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Pharmacy Practice FAQs



Immunizing Pharmacist Authority

Q: What is the scope of an immunizing pharmacist’s vaccination administration authority?

A: This guidance details state-law pharmacist vaccination authority, including training requirements and the authority of pharmacy technicians and pharmacy interns to administer vaccines under the supervision of an immunizing pharmacist.


Q: Where can I find more information about using the NC Vaccination / Immunization Registry?

A: The NC Department of Health and Human Services has information and training for the NC Immunization Registry available here.


Q: Are pharmacists required to report influenza vaccine administration to the North Carolina Immunization Registry?

A: No.  GS § § 90-85.15B(d)(3) exempts influenza vaccines from the requirement to report pharmacist-administered vaccines to the Immunization Registry.


Q: What authority do pharmacists have to initiate drug therapy for hormonal contraception, prenatal vitamin needs, smoking cessation, post-HIV-exposure prophylaxis, and glucagon to treat severe hypoglycemia?

A: GS § 90-85.15B(c2) grants “immunizing pharmacists” authority to dispense, deliver, and administer drug therapy for these conditions. 

This guidance document details this grant of authority and links to the statewide protocols that pharmacists must follow when exercising the authority.

*NOTE*  Immunizing pharmacists who wish to exercise the authority to provide oral or transdermal hormonal contraceptive therapy are required by the protocol to complete the North Carolina Hormonal Contraceptive Training Program.  Additional detail on the program and how to report completion to the Board is found in the guidance document.


Q: What authority do immunizing pharmacists have to administer long-acting injectable drugs?

A: This guidance document and Board Rule .2514 detail immunizing pharmacists’ authority to administer long-acting injectables, including training, recordkeeping, and reporting requirements.



Pharmacist Conscience Matters

Q: What guidance does the Board offer on the intersection of professional practice and individual conscience decisions?

A: The Board has adopted a policy statement on the intersection of professional practice and individual conscience decisions.


Q: What guidance do the health occupation licensing bodies offer on end-of-life care?

A: Through dialogue with members of the healthcare community and consumers, a number of perceived regulatory barriers to adequate pain management in end-of-life care have been expressed to the Boards of Medicine, Nursing, and Pharmacy. The following statement attempts to address these misperceptions by outlining practice expectations for physicians and other health care professionals authorized to prescribe medications, as well as nurses and pharmacists involved in this aspect of end-of-life care. The statement is based on: the legal scope of practice for each of these licensed health professionals; professional collaboration and communication among health professionals providing palliative care; and a standard of care that assures on-going pain assessment, a therapeutic plan for pain management interventions; and evidence of adequate symptom management for the dying patient.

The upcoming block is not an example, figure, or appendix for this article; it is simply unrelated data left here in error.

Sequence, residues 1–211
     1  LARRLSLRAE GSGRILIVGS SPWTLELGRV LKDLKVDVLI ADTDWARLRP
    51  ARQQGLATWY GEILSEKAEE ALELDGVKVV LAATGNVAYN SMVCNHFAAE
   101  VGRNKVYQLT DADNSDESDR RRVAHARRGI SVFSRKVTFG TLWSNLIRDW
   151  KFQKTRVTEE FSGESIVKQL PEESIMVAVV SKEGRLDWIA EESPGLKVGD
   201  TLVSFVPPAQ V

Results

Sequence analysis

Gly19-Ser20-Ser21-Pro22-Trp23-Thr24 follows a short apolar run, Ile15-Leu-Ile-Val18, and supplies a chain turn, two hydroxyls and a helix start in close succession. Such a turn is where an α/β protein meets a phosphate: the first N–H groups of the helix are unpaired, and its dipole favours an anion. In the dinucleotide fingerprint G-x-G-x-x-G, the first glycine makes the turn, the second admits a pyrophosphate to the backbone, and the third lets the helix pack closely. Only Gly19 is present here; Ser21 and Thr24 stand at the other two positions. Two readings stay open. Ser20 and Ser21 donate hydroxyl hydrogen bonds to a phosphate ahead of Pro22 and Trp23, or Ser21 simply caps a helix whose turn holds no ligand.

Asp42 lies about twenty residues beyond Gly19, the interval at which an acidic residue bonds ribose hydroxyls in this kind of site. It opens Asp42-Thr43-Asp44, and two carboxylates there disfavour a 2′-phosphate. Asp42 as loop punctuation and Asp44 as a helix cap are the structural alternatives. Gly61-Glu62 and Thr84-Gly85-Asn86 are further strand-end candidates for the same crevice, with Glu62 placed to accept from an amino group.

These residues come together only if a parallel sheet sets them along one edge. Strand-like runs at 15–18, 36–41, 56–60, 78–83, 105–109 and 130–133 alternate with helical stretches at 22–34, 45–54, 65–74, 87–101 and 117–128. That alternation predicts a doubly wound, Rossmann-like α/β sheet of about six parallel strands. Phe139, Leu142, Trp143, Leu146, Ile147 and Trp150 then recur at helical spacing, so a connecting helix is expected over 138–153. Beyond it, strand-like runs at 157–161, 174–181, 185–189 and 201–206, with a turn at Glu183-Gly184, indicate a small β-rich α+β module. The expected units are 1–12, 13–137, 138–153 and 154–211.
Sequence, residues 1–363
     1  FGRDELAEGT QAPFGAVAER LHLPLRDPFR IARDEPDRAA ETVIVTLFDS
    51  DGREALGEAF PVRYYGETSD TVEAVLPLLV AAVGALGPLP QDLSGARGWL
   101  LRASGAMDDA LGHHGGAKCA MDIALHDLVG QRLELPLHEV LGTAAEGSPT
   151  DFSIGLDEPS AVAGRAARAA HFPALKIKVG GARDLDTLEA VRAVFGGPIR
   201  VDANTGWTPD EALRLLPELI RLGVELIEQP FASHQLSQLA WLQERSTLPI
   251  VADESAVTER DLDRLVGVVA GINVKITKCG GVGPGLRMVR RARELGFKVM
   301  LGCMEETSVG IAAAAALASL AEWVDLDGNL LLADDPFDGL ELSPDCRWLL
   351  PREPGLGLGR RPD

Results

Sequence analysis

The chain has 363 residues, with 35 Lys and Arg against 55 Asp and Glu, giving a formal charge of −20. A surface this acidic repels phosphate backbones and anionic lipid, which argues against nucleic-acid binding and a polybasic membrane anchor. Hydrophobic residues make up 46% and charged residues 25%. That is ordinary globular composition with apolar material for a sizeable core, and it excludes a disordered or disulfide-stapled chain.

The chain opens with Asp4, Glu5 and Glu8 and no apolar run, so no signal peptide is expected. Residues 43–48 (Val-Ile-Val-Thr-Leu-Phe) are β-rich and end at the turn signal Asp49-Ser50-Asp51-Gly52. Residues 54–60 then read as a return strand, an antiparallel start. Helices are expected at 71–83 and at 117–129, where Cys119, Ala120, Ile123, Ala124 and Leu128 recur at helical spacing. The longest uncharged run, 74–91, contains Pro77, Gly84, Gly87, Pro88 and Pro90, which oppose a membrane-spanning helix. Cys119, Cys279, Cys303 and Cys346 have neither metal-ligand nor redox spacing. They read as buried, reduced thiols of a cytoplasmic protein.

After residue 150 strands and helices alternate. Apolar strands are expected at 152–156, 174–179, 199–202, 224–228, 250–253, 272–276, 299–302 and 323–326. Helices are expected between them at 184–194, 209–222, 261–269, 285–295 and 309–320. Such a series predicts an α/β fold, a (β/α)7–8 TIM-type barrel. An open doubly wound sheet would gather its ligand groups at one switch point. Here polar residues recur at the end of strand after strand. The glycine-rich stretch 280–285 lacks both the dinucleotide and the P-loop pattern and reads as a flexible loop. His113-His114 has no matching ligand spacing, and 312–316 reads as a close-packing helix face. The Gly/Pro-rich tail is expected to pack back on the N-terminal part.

It is the position of all three Boards that patients and their families should be assured of competent, comprehensive palliative care at the end of their lives. Physicians, nurses and pharmacists should be knowledgeable regarding effective and compassionate pain relief, and patients and their families should be assured such relief will be provided.

Because of the overwhelming concern of patients about pain relief, the physician needs to give special attention to the effective assessment of pain. It is particularly important that the physician frankly but sensitively discuss with the patient and the family their concerns and choices at the end of life. As part of this discussion, the physician should make clear that, in some end-of-life care situations, there are inherent risks associated with effective pain relief. The Medical Board will assume opioid use in such patients is appropriate if the responsible physician is familiar with and abides by acceptable medical guidelines regarding such use, is knowledgeable about effective and compassionate pain relief, and maintains an appropriate medical record that details a pain management plan. Because the Board is aware of the inherent risks associated with effective pain relief in such situations, it will not interpret their occurrence as subject to discipline by the Board.

With regard to pharmacy practice, North Carolina has no quantity restrictions on dispensing controlled substances including those in Schedule II. This is significant when utilizing the federal rule that allows the partial filling of Schedule II prescriptions. In these situations, it would minimize expenses and unnecessary waste of drugs if the prescriber would note on the prescription that the patient is terminally ill and specify the largest anticipated quantity that could be needed for the next two months. The pharmacist could then dispense smaller quantities of the prescription to meet the patient’s needs up to the total quantity authorized.